In her first book in over 10 years, Pia Mellody—author of the groundbreaking bestsellers Facing Codependence and Facing Love Addiction—shares her profound wisdom on what it takes to sustain true intimacy and trusting love in our most vital relationships.
Drawing on more than 20 years' experience as a counsellor at the renowned Meadows Treatment Centre in Arizona, Mellody now shares what she has learned about why intimate relationships falter—and what makes them work. Using the most up–to–date research and real–life examples, including her own compelling personal journey, Mellody provides readers with profoundly insightful and practical ground rules for relationships that achieve and maintain joyous intimacy.
This invaluable resource helps diagnose the causes of faulty relationships—many of them rooted in childhood—and provides tools for readers to heal themselves, enabling them to establish and maintain healthy relationships.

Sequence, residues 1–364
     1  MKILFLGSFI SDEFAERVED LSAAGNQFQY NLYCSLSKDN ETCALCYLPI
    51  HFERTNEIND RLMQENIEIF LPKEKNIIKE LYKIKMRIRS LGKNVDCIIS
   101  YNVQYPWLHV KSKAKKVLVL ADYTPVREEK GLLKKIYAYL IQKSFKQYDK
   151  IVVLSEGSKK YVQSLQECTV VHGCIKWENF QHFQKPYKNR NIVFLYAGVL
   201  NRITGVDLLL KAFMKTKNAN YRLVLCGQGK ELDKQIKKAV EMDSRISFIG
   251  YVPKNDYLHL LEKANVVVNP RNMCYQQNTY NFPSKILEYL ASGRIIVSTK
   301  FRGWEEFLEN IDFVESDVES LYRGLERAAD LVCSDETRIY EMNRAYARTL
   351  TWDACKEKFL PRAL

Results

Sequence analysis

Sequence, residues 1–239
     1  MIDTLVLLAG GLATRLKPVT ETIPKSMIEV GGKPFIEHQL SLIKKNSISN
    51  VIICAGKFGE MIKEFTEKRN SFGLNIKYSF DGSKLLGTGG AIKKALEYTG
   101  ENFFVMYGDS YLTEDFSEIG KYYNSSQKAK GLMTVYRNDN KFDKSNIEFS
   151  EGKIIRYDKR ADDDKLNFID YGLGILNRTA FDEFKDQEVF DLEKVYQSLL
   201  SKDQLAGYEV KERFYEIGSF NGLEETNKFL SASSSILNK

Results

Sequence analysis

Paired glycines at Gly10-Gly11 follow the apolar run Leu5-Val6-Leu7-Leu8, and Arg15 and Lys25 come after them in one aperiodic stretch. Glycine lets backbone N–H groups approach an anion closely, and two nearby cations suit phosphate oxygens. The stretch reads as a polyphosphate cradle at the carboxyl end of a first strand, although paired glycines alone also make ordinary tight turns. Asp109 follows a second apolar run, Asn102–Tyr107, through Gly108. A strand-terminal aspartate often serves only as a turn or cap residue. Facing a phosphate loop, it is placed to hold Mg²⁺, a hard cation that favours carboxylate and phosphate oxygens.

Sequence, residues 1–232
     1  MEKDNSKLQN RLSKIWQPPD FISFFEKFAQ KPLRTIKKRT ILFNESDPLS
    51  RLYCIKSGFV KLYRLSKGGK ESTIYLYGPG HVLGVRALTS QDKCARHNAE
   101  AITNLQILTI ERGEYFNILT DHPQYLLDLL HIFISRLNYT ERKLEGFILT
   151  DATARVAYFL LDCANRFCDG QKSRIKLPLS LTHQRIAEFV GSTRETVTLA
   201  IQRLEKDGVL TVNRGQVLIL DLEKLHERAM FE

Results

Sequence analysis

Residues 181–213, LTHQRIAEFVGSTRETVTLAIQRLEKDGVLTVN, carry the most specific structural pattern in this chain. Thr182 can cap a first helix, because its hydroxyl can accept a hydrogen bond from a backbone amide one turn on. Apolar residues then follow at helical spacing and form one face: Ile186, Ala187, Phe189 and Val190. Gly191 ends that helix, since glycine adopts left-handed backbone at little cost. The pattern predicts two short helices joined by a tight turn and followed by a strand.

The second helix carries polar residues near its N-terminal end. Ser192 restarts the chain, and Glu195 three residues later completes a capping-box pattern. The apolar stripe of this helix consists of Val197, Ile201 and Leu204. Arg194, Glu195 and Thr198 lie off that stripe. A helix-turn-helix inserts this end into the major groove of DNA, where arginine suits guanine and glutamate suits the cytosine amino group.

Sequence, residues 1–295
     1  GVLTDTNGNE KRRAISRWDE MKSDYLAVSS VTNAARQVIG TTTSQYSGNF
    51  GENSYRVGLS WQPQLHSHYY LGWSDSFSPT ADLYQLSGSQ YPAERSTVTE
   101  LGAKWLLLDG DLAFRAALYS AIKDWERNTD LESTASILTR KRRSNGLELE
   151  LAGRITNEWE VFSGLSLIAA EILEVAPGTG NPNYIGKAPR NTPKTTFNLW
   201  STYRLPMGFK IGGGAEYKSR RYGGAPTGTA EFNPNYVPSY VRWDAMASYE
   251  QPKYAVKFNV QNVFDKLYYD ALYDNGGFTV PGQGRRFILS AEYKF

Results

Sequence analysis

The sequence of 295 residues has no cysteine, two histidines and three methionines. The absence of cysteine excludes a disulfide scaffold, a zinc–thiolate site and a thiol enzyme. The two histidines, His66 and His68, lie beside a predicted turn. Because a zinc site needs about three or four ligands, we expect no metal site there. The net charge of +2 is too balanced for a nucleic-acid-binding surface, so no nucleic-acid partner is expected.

A certified addiction counselor and registered nurse, Mellody (Facing Codependence), writing with the assistance of Freundlich (president of Freundlich Communications), offers a self-help guide based on the role of spirituality in intimate relationships. As a recovering alcoholic, Mellody experienced a profound love coming to her from God; this supportive love led her to develop the fairly complex program that she currently uses while counseling clients. The author believes that many children are traumatized by parents who either shame (disempower) their children or force them into a parental role (falsely empower). Labeling both actions as abusive, Mellody provides examples of how children treated this way can recover and function more happily in the adult world. She details here how to erect healthy physical, emotional and intellectual boundaries that will foster rather than hamper intimacy and boost self-esteem. For example, she advises that affectionate approaches require controlled containment, e.g., when deciding to engage others in sexual intimacy, it is necessary to respect their physical boundaries by asking permission. In order to really communicate, people in close relationships should maintain other boundaries such as refraining from giving unasked-for advice, accusing or making judgments. Appended is an example of a "feeling reduction" workshop conducted at a residential treatment center where Mellody practices. According to the author, these workshops are central to overcoming trauma and abuse. Devotees of Mellody's earlier books will be the most interested in this latest offering.